Detroit Bureau on Twitter

Key Managerial Changes Shaking Up BMW

Déjà vu all over again?

by on Jul.21, 2010

Former BMWNA Marketing Chief Jack Pitney will now take responsibility for the maker's eastern region.

A few years ago in a sweeping change in positions that surprised the auto industry, Jack Pitney, then head of the new Mini division, switched jobs with Jim McDowell, who was serving as the British marque’s vice president of marketing.

In the famous words of Yogi Berra, “It’s deja vu, all over again.”

Mini’s parent, BMW, is making two new veep switches, one financial, as Wayne Orchowski, vice president of the Eastern Region, becomes VP of operations and COO of BMW Group Financial Services. That move might not have even made the radar, but the other switch is causing some seismic tremors in the marketing world and blogs as Jack Pitney, vice president of marketing for the BMW Brand (and the acknowledged, if not titled, CMO of BMW US) will assume the role of vice president of BMW’s Eastern Region.

Subscribe Now! It's Free!

When a CMO moves from one company to another, retires or leaves the industry it’s usually not unexpected, but a move from the major staff position to a major line operation job is rare.  Except it’s Pitney’s career DNA.  How many remember when he moved from head of BMW public relations to lead the launch of Mini in the U.S. another line function. That too surprised industry pundits.

As VP – Marketing, Pitney often moved the needle with a track record of positive results — from the successful launch of several new vehicle categories, including the 1-Series, X-model sports activity vehicles, advanced diesels and whole new versions of Zs, 3s, 5s and 7-series. And if that’s not enough he was also responsible for all U.S. BMW product planning and strategy.

While many auto/ad/marketing types had sour faces about the recent “Joy” campaign, declaring it bland and boring because it seemed to diminish the “Ultimate Driving Machine” designation, it was, however, created to bring new, non-BMW-owners into the product fold. And based on the brand’s sales for the year-to-date it seemed to have reached its goal.

Pitney’s new job presents a range of responsibilities and leadership challenges as he runs all sales, marketing, after-sales and dealer development activities in the12-state Northeast Region which encompasses 93 BMW and 24 MINI dealers, and notably includes the New York metro area. With a sales volume of over 75,000 new vehicles a year, the Northeast is BMW of North America’s largest region in the U.S.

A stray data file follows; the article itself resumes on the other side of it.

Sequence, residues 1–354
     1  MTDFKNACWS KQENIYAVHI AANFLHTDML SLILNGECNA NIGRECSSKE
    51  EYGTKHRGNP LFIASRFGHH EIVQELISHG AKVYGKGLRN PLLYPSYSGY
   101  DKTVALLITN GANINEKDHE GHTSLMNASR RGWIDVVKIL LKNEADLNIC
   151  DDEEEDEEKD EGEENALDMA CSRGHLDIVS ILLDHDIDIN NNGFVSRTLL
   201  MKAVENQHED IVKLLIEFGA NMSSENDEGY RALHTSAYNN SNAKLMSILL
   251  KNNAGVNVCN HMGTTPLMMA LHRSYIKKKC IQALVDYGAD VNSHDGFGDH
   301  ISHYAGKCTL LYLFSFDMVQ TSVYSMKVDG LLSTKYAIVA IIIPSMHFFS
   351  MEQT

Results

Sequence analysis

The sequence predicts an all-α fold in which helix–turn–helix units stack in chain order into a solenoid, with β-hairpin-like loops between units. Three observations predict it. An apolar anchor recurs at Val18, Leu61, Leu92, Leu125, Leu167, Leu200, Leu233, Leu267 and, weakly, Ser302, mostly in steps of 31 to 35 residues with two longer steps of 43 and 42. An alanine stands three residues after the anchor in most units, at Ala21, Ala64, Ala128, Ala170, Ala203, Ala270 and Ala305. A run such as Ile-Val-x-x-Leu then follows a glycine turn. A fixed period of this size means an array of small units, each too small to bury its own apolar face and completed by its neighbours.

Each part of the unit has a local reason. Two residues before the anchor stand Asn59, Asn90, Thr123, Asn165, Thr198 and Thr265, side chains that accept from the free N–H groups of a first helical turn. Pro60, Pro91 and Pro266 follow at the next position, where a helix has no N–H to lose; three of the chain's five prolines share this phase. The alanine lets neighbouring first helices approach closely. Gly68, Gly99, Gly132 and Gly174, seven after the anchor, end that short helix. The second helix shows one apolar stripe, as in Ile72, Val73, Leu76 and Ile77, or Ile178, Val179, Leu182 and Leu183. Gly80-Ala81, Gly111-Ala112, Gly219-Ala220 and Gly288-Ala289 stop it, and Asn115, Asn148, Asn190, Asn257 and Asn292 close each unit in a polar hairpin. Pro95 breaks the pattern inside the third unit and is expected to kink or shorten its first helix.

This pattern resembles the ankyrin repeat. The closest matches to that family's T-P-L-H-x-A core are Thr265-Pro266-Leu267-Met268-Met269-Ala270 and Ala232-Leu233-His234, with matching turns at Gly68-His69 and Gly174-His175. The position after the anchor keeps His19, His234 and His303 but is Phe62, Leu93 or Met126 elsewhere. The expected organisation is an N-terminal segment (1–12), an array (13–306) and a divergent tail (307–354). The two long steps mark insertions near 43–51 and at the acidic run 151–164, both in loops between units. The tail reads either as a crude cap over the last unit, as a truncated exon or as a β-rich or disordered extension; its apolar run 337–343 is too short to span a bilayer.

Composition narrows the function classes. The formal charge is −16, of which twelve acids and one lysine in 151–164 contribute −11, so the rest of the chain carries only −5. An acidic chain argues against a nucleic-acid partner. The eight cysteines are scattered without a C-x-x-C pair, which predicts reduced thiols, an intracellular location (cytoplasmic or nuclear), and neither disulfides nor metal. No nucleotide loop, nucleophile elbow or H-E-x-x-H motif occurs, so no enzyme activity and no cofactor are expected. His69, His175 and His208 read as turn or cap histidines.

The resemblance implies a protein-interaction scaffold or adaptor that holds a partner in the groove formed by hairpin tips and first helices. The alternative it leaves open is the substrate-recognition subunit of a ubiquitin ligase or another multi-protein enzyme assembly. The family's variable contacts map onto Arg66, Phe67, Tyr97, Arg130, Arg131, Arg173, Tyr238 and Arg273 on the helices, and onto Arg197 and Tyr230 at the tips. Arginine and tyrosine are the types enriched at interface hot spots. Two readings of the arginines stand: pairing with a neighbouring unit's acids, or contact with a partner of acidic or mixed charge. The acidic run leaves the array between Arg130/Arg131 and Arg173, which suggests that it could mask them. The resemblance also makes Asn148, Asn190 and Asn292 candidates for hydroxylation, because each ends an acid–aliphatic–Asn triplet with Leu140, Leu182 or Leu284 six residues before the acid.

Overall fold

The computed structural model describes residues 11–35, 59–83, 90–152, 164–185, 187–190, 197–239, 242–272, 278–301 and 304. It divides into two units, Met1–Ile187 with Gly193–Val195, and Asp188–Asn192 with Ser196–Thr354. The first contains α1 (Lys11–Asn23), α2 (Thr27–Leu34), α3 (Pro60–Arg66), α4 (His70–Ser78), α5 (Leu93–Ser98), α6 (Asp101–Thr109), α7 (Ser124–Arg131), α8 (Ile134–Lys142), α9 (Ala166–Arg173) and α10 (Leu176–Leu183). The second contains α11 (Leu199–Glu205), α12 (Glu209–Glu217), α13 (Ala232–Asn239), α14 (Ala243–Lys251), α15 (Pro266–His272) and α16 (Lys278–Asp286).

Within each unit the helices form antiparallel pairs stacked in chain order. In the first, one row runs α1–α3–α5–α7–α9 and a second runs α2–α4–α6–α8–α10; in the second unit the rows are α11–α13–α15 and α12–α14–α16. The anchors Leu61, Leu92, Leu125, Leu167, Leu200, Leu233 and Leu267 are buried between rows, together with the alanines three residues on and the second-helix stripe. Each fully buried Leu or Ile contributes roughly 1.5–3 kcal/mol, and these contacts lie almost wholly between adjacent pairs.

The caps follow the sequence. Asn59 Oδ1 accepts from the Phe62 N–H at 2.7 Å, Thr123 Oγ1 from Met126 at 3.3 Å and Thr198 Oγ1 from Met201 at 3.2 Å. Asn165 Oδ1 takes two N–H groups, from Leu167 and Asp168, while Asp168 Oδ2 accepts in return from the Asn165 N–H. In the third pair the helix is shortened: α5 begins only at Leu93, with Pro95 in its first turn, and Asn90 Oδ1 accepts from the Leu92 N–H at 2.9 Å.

Curiously, the automaker remained mum about Pitney’s successor as head of BMW Brand Marketing in the U.S. The replacement for that job won’t be announced until as late as September 1, the automaker cautions.

Wayne Orchowski, currently Vice President, Eastern Region, BMW of North America, will assume the role of Vice President, Operations North America and Chief Operating Officer, BMW Group Financial Services Americas. In his new role, Orchowski will have overall leadership responsibility for the BMW Group Financial Services Regional Service Center in Ohio, as well as continuing to deliver operational excellence to over 1,200 dealers and 900,000 lease and loan customers across the U.S. and Canada.

Tags: , , , , , , , , , , ,

One Response to “Key Managerial Changes Shaking Up BMW”

  1. Mona W. Gillman says:

    I am writing about my dissatisfaction with the service I have received. I bought a new 3281, 2007 and now have 28 thousand miles on it. I bought it because of the reputation of service of the automobile, and thought it would be the last car I would buy. From the beginning there have been some problems. I took it in once because the radio was drifting and the rear passenger tire was deflating. I was told that the radios just do that, and there was nothing wrong with the tire. The same tire kept deflating, on a regular basis, and I took it in three times. I was treated in a patronizing manner and told they put it on the rack, and there was nothing wrong with it. After three years of this, I finally got a nail in that tire, and they said, because of the nail, it wasn’t covered and I had to buy another tire.
    November, 2009 the driver’s seat was leaned foward to allow for a passenger to get in the back seat, and it wouldn’t straighten up. Force had to be applied, and the seat laid back and wouldn’t go upright. I had to drive 20 miles or more with the seat lying flat. This week, my 79 year old sister was in the back seat, and when she went to get out, again the seat wouldn’t lean forward and she had to climb over the console and go out the other side. I took it back to the dealership, and this time I spoke to the sales manager, Brock Temple, who told me I was being too agressive, and I would get more from spreading the honey than the vinegar. After three years of spreading the honey, I was due for the vinegar. They kept my car overnight, and today called to say that the plastic part had been replaced and it was fixed. I pick up the car, got part way home when it occured to me that I should check it before I got home. I pulled over, and sure enough, it was still broken, fixed in the same, imovable position, and I have to leave it again. I would have thought that after a repair, it would have been checked before calling me to pick up the car. I have had three Nissan Sentras over the past 30 years, and combined didn’t have these kinds of problems.
    Is it your practice to require a customer (who wrote a check for the purchace of the car), to have to be “a nice girl, and spread honey” to get her car fixed? I have been smirked at, berated, and patted on the head, and given a loaner. I would appreciate any advice you can give me. I am seriously thinking about getting rid of the car and going back to the Sentra.